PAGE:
|1910||Carousel of Happiness||Nederland, Colorado||originally located at Saltair Park, Salt Lake City, Utah, moved to American Fork, Utah in 1959 and sold for parts in 1986; Scott Harrison used the Looff frame and installed new, whimsically-carved figures|
|1910||Dr. Floyd L. Moreland Looff/Dentzel Carousel||Casino Pier, Seaside Heights, New Jersey||Relocated from Burlington Island Park, New Jersey in 1932. The chariots and some animals were carved by Dentzel, Morris, Carmel, and Illions. Located in a 10-sided unenclosed building on boardwalk pier; 4 Rows, 35 Jumping Horses, 18 Standing Horses, 5 Menagerie Animals (1 Lion, 1 Tiger, 1 Mule, 2 Camels), 2 Chariots, 2016 Lightbulbs, and 15 original antique paintings from 1910 in center casing. The music is provided by the only continuously operating Wurlitzer 146 Military Band Organ in the state. Dr. Floyd L. Moreland bought and restored it in 1984. The carousel survived Hurricane Sandy in 2012.|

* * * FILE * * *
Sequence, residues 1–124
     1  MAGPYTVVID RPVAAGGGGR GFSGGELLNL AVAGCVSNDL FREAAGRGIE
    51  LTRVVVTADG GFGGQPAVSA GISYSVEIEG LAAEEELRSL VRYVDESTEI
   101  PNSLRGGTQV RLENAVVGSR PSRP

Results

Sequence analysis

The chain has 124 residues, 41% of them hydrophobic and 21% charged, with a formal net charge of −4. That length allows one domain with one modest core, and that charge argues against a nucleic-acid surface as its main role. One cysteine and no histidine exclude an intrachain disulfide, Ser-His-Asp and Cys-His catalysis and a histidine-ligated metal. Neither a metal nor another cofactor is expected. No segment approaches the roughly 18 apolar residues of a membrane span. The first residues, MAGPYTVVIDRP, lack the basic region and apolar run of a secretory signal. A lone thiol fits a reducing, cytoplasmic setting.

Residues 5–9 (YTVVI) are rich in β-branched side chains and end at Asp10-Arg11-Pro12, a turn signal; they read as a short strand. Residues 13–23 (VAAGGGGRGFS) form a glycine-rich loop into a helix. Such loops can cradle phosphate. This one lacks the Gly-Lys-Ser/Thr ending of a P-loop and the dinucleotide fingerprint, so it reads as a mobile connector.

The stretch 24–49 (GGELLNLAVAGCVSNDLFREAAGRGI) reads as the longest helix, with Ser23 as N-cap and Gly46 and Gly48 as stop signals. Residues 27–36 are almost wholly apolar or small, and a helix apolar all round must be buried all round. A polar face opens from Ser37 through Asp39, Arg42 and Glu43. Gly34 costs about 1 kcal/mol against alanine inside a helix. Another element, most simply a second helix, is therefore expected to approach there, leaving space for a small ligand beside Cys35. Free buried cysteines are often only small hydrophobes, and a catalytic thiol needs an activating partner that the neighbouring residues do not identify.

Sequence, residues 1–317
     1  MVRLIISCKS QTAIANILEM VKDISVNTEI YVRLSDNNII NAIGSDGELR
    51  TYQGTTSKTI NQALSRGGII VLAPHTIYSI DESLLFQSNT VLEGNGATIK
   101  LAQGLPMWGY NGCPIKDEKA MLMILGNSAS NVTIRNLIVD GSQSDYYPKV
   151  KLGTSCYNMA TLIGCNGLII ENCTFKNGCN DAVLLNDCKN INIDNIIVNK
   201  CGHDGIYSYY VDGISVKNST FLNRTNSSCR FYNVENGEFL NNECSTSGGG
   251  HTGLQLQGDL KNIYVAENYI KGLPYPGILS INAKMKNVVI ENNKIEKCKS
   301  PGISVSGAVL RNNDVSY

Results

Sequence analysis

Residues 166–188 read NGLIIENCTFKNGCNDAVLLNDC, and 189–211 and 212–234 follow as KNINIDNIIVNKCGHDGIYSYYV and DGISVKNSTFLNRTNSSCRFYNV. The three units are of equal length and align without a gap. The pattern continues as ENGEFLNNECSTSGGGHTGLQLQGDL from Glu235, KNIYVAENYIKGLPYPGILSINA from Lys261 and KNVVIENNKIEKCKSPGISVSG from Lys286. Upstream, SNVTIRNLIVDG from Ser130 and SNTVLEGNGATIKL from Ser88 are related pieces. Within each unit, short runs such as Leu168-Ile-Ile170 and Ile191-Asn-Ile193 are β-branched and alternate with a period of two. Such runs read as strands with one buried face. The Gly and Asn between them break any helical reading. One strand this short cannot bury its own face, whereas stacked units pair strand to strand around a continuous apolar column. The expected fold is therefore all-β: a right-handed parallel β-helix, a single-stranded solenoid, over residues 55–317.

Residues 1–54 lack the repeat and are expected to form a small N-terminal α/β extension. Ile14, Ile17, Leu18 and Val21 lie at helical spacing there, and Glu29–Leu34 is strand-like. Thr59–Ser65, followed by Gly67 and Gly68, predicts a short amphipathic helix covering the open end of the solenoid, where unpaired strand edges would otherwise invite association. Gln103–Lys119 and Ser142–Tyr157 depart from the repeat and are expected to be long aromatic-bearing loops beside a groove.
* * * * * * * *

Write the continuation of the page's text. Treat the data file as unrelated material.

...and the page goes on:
|1911||The Pike Carousel||Long Beach, California||burned down in 1943|
|1911||Santa Cruz Beach Boardwalk Carousel||Santa Cruz, California||National Historic Landmark, brass rings, still in use at original location|
|1911||Fantasy Fair Carousel||Fantasy Fair, Toronto, Ontario||moved to present location in 1988; Looff platform, fiberglass animals|
|c. 1911||Lighthouse Point Park Carousel||New Haven, Connecticut||original location unknown, moved to present location in 1916|
|1911||Fraser's Million Dollar Pier Carousel||Santa Monica, California||Burned down in September 1912|
|1911||Venice Pier Carousel||Venice, California|
|c. 1912||Grand Carousel||Knoebels, Elysburg, Pennsylvania||moved to present location in 1941 from Riverview Park in Rahway, New Jersey; Looff frame, Carmel horses; operational brass rings|